Minding your P’s and P’s – Australian financial review

It seems Australians were among the rare few who were not ‘frightened’ or ‘shocked’ by the radical ideas of Yohji of Yamamoto and Rei Kawakubo of Comme des Garçons.

Belinda Seper is one of the most respected fashion retailers in Australia. Before her retail career, she was a model, which overlapped with being a soldier. While an unusual career arc, it’s is no more unusual than a fashion editor I know who doubles as a trapeze artist or the chef in my local café who is also an acrobat. Small and lean, he moves with the feline grace of someone you imagine, yes, could manage back flips while up on a high wire although, personally, I have never seen him doing anything more complicated than flip a steak while frying an egg. As for Seper, early multitasking involved stripping back a weapon while applying nail lacquer. (Ok, I’ve exaggerated. She used to do one, then the other. But that doesn’t take away from the fact she was the fastest shot in her battalion. And had the best manicure.)
One of my most valuable life lessons came from Seper, who once shared her motto, ‘Never forget the six Ps’. These spell out ‘Prior Planning Prevents a Piss Poor Performance’. I have to say, had I learned that motto from a puritan American and it had been the five Ps, it would not have stuck. Right now, I am grappling with the eight Ps, which might be familiar to you; ‘Prior Planning Prevents a Piss Poor Powerpoint Performance’. What a lot of prep to find 87 images to back up a 45 minute speech! Especially as I never actually said yes to this. (Didn’t it start as a panel discussion and just chatting for a few minutes?).
The subject is the arrival in Europe of the Japanese designers, which I am a little too young to remember personally. However, having read all the contemporary reports from the early eighties, it seems the Australians were among the rare few who were not ‘frightened’ or ‘shocked’ by the radical ideas of Yohji Yamamoto and Rei Kawakubo of Comme des Garçons. I can find no Australian reports urging readers to run for the hills, or indeed the bunkers. The French talked of the invasion of the ‘yellow peril’ and judged the debuts of two designers who have turned out to be among the greatest of the last quarter century as “Hiroshima, sans amour”.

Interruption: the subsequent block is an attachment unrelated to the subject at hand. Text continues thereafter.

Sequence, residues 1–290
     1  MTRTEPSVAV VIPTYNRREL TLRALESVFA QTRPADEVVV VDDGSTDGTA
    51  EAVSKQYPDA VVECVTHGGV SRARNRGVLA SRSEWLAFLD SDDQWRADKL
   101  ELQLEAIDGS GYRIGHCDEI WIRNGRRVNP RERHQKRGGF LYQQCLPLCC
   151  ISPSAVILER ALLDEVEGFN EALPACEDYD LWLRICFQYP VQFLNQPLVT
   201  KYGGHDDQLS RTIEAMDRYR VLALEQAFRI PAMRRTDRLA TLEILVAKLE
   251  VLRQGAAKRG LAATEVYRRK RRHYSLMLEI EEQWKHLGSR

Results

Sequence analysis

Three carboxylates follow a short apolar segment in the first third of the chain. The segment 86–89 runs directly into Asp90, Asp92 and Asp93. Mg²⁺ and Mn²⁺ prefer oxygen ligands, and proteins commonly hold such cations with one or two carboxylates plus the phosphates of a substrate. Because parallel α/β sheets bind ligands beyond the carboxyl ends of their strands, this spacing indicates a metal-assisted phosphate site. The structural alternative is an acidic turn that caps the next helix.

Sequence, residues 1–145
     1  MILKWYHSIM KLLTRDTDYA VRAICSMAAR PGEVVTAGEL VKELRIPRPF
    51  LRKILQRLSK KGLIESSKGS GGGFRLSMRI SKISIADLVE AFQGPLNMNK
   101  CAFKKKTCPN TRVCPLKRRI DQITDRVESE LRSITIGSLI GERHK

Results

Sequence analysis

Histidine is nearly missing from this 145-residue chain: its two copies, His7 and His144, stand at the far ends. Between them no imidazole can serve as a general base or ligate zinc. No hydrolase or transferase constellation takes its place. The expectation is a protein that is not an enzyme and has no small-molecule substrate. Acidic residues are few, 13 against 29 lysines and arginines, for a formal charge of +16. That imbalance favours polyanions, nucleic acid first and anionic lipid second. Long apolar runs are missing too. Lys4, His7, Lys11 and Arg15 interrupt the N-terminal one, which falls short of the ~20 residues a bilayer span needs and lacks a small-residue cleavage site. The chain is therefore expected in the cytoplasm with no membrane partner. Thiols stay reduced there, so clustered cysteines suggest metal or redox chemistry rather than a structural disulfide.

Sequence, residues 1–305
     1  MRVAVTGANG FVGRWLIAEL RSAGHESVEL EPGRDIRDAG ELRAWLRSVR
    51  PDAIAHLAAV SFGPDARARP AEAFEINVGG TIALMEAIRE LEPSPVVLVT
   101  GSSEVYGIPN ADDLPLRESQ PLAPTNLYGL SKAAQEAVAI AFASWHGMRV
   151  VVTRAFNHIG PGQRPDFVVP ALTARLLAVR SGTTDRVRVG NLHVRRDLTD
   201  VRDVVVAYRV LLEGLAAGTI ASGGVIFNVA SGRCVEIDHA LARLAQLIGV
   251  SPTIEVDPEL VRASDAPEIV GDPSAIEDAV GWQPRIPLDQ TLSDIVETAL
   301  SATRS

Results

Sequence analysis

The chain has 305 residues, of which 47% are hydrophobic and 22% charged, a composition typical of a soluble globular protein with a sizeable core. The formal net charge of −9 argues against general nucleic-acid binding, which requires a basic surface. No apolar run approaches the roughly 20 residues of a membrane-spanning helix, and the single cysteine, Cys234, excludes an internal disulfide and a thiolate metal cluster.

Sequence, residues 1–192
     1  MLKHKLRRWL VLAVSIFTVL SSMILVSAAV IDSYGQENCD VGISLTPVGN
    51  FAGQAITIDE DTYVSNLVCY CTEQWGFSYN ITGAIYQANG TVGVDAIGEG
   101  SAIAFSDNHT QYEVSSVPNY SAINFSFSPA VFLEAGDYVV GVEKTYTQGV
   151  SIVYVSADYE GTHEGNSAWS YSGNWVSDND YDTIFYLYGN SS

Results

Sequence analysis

There will be Q&A afterwards, so I am trying to be super­prepared, although that will probably translate as staying up all night and then not having time to have my roots done. As a rule, which alas I always seem to break, fashion people are groomed, immaculate. But, until recently, the best you’d expect of many of them as public speakers was that they’d hide behind the lectern, mumble a bit, then slink off stage. But media training has changed the game irrevocably – to the benefit of all.
I was at the International Herald Tribune’s Luxury conference in London recently (it’s in Sao Paolo next year – exciting!), and not only were all the thousand or so delegates chic, but the immaculate speakers – designers and CEOs – gave precisely calibrated performances, never straying off brand message. They were all way too prepared to risk falling off the tightrope.
Bar one. Paul Smith, the British menswear designer, spoke off the cuff (he had a few slides, but they got muddled). He said that his failsafe for public speaking is to bring a rubber chicken, which he then pulled out and brought the house down. So I’m thinking, what if the laptop fizzles or the audience react like the French in 1981 and, at the sight of a tattered dress, duck for cover? Although I realized I was taking the eight Ps too far when I caught myself eyeing up a friend’s new kitten and wondering where they kept the travel basket so that, if the speech goes belly­up, I can let the cat of out of the bag.
International fashion editor Marion Hume is based in London.